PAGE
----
Wine grape growers in the popular Santa Lucia Highlands (S.L.H.) of Central California expect a smaller crop, which could translate into higher quality wines from their 2016 harvest.
Harvest should begin in September, according to Dave Muret, executive director of the Santa Lucia Highlands Wine Artisans as veraison is winding down.
Pinot Noir grapes – the region’s most popular wine grape – is on track for an early-to-mid September harvest with Chardonnay grapes slated to be picked about two weeks later, Muret said.
Jason Smith of Paraiso Vineyards and Smith Family Wines seems pleased with the vintage of grape currently hanging on the vines.
“The growing season has been a good one,” Smith says. “The potential Pinot Noir crop is larger than last year but still smaller than normal. The main difference from the past two years has been the return of very cool nights - allowing the vines to rest and provide the long hang time that our Chardonnay and Pinot Noir love.”
S.L.H. grower Steve McIntyre is likewise enthusiastic about the coming crush’s potential.
“We’ve had a remarkable string of successful vintages here in the Highlands,” McIntyre says. “While crop loads are down, the vines are very focused on the remaining fruit. It should be another high quality year.”
Near the northern end of the appellation’s growing region, Dan Lee of Morgan’s Double L Vineyard says he’s been aggressive within his organic protocols to control mildew pressure, which he characterizes as high this year. Still, he says the fruit is “very clean.”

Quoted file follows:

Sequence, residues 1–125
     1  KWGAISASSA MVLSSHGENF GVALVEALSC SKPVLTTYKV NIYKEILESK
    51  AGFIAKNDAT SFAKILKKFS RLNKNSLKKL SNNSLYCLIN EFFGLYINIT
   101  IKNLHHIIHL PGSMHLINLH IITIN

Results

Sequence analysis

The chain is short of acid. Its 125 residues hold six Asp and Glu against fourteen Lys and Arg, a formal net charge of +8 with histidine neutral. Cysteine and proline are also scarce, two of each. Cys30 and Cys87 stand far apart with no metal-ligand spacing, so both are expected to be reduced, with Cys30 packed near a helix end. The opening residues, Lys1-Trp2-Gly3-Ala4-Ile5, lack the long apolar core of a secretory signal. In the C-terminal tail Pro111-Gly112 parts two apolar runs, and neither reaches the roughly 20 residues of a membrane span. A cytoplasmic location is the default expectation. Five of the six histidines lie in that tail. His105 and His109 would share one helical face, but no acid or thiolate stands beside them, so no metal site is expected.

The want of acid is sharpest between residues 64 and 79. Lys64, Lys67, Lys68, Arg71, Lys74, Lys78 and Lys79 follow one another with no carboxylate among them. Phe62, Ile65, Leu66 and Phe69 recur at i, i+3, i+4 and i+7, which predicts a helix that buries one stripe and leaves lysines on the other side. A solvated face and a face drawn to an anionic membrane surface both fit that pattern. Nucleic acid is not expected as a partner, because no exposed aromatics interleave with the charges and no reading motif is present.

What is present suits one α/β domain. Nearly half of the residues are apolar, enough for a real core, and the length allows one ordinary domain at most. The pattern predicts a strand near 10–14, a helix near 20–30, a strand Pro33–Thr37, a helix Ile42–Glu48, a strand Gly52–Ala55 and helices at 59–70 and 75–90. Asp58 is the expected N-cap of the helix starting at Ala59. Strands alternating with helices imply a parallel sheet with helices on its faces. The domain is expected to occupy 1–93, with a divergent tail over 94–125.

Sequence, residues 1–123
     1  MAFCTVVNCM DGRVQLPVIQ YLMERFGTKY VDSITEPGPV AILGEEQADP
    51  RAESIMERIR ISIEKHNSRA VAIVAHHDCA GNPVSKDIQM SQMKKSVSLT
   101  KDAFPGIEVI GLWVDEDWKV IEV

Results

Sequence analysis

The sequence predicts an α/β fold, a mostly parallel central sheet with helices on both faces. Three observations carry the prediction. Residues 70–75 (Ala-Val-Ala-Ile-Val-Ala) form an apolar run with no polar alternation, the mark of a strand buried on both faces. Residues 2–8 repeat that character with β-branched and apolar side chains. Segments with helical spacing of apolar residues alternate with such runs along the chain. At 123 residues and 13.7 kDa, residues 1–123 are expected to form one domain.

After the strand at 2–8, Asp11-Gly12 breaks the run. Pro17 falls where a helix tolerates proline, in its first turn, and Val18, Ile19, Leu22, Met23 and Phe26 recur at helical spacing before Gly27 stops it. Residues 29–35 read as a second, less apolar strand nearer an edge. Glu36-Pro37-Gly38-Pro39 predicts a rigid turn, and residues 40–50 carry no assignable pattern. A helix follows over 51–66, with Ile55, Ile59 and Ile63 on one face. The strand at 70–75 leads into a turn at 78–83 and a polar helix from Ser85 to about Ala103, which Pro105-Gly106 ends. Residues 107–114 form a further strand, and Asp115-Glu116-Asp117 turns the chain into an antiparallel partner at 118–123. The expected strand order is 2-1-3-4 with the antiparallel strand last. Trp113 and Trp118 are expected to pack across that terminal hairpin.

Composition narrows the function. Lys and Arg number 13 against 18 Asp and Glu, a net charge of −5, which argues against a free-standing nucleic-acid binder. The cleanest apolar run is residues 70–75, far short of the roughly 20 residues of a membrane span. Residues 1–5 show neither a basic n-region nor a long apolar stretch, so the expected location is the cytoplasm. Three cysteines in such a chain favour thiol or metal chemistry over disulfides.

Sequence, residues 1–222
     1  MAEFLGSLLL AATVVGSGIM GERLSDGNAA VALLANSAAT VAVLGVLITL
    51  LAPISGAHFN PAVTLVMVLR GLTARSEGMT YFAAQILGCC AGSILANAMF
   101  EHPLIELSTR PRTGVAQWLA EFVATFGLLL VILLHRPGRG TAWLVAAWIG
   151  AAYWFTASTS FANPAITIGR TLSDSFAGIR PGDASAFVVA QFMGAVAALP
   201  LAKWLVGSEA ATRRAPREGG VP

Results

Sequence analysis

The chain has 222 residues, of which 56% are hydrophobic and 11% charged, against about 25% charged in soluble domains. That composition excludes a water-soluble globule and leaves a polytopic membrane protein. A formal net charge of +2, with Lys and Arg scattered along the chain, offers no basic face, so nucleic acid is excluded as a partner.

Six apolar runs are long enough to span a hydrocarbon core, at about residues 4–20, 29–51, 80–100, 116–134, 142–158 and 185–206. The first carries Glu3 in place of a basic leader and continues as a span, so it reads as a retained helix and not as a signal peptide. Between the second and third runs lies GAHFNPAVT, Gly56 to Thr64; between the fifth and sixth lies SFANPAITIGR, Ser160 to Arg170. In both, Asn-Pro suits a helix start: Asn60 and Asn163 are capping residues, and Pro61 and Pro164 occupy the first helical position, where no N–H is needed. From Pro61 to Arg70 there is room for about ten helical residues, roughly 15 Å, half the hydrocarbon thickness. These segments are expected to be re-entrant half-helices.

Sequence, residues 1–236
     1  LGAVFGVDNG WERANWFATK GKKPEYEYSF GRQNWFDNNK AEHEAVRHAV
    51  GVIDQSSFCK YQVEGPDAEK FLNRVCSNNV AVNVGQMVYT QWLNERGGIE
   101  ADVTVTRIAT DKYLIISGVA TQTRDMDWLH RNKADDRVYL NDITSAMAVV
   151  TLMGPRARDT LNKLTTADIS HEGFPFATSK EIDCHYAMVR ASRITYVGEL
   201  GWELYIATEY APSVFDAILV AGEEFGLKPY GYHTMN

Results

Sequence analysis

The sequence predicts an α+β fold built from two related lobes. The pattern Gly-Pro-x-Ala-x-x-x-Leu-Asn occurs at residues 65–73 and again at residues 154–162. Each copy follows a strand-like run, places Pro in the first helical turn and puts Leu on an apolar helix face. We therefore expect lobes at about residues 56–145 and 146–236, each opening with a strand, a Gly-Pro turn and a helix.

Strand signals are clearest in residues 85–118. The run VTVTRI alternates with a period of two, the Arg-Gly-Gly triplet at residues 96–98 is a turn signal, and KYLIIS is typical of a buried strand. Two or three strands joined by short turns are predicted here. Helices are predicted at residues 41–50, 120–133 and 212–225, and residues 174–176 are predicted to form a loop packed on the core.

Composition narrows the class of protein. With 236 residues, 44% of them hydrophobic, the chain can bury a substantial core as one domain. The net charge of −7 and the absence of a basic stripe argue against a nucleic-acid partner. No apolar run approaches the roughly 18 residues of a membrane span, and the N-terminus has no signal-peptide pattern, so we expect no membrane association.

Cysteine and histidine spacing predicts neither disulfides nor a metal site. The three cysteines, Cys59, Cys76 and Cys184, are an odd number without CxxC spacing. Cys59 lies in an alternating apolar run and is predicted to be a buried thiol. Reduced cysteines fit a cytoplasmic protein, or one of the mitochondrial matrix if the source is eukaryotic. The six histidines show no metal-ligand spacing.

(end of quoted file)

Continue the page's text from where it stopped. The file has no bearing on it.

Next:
“We're on the right curve with phenol and flavor development versus fruit ripeness,” Lee says.
An issue of concern for growers in the region, but one that didn’t affect them, is smoke from the nearby Soberanes fire, near Big Sur.
“Our thoughts and prayers are with the folks close to the fire zone. In the S.L.H., we've been fortunate; smoke from that blaze has not been an issue for us.”
McIntyre says smoke from the nearby fire has blown southeast, or out to sea and away from the growing region. Typical wind patterns in the Salinas Valley, which pull cool air in from the Monterey Bay into the Salinas Valley, have also provided a protective inversion that has kept smoke away from the maturing wine grapes.
According to Muret, smoke from the fires this late in the season could affect the flavor of wine made from the grapes. Fortunately that should not be the case as typical wind patterns continue to keep smoke away from the region.
The Santa Lucia Highlands is nestled against the eastern flank of the Santa Lucia Mountains, a small range that serves as the western boundary of the Salinas Valley and the border between it and the Pacific Ocean. This location and regional climatic conditions make it a prime venue for producing quality wine grapes. The most popular grapes in the region include Pinot Noir (3,200 acres) and Chardonnay (2,100 acres).
The region covers about 6,500 acres of terraced farmland in the central Salinas Valley.
The area's unique character was recognized with official American Viticultural Area status in 1991. This year marks the 25th anniversary of the S.L.H.’s designation.
Formed in 2005, the Santa Lucia Highlands Wine Artisans is an association of vineyards and wineries that grow grapes here or use this region's fruit to craft their wines. The group's online home is www.santaluciahighlands.com.